4. Autonomics must be efficient. How efficiently the HA solution performs its autonomic tasks will affect your total cost of ownership (TCO). For example, today's autonomics features should be able to identify and fix a specific problem rather than needing to work with an entire file to fix a specific data or object issue. Rather than the sledgehammer approach of yesterday, autonomics now enables a more precise, laser-beam-like fix. That ensures more efficient use of server resources and lowers TCO.
  5. Autonomics need to identify and solve recurring issues, too. Most HA solutions will keep finding and resolving the same issue, in the same way, again and again and will not alert you to this fact -- wasting time and resources. Autonomic features can now identify recurring issues before they can escalate to larger problems. Autonomic features now make it possible for the HA solution to alert the operator through autonomic smart notification features -- pager, e-mail or instant messaging -- about a problem the solution has automatically fixed more than four times in 24 hours.
  6. Autonomics must provide confidence that your HA environment is error-free. Look for an HA solution that will automatically initiate error correction, as well as detect, apply and manage changes within your entire environment, including triggers, nulls, constraints, LOBS, commitment control, and table issues. Some HA solutions provide some or a few of these, but today's autonomics features make it possible for an HA solution to provide automated, vigilant observation and correction of elements within the IT infrastructure. In addition, when looking at the level of autonomics available, you will want to understand what is automatic and what must be done or corrected manually.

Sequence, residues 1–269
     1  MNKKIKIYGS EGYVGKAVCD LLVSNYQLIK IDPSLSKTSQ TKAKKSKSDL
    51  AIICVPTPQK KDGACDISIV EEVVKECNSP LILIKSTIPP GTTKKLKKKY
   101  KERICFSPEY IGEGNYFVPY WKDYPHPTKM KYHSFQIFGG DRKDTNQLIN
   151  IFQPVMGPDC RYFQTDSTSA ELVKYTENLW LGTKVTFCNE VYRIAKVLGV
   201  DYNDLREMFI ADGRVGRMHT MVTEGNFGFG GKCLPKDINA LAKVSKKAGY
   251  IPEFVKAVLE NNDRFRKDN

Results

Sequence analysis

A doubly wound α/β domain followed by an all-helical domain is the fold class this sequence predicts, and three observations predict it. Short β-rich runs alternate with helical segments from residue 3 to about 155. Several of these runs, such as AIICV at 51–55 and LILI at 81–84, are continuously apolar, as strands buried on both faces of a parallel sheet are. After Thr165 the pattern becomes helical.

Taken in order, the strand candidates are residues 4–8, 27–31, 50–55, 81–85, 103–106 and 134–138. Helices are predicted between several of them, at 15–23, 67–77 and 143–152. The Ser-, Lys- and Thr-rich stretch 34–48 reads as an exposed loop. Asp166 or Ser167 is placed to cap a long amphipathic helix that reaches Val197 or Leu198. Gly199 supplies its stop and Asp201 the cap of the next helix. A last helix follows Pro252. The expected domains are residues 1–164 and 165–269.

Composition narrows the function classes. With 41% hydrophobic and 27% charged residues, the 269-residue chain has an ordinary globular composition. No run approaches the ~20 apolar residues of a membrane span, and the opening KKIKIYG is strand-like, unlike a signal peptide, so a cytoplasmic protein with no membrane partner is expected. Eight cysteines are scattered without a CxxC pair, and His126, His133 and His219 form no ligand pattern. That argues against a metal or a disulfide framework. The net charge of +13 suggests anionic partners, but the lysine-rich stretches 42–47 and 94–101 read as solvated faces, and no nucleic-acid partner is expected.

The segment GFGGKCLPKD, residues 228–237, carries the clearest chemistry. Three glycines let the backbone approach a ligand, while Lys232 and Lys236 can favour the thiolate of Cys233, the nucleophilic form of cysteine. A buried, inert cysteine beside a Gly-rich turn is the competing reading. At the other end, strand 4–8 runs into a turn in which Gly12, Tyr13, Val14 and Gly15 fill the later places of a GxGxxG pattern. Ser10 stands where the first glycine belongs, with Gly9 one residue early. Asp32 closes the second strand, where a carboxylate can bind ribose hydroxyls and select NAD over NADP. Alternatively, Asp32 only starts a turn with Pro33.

7. Autonomics should manage remote journaling. While IBM's Remote Journaling technology has been a boon to HA software vendors, unfortunately it doesn't manage itself. This job can be more time-consuming than it at first appears. Today's autonomic features can eliminate this chore and enable you to get the full advantages of Remote Journaling without the time involvement.

    Look for autonomic features that will create Remote Journaling journals and the links between them for you, automate the day-to-day tasks and switch management of Remote Journaling, reconfigure and manage replication processes, change and delete journal receivers, and even restart failed Remote Journaling links -- the communications resources used in replication. Should something happen, today's HA solutions should be able to automatically enable failover to alternate communications paths. Autonomic features provide these capabilities.

Data replication is just one piece of a HA software solution. Today's most efficient and effective HA solutions must be able to manage replication effectively, but also be able to manage the surrounding IT processes, such as communications and networking factors, to ensure user access to the data and applications on the production or the backup systems.

Today's most advanced HA solutions will be able to do this for you by incorporating autonomics features. While the features perform complex tasks behind the scenes, the whole point is to lower the amount of time it takes to manage the HA environment without reducing the confidence you have in the solution. Autonomics-enabled HA solutions hide all of the complexity of HA to lower the TCO and make management as easy as possible. In fact, it should be able to lower your time involvement to just a few minutes a day.

About the author: Peter Sa is vice president of MIMIX Services at Lakeview Technology Inc.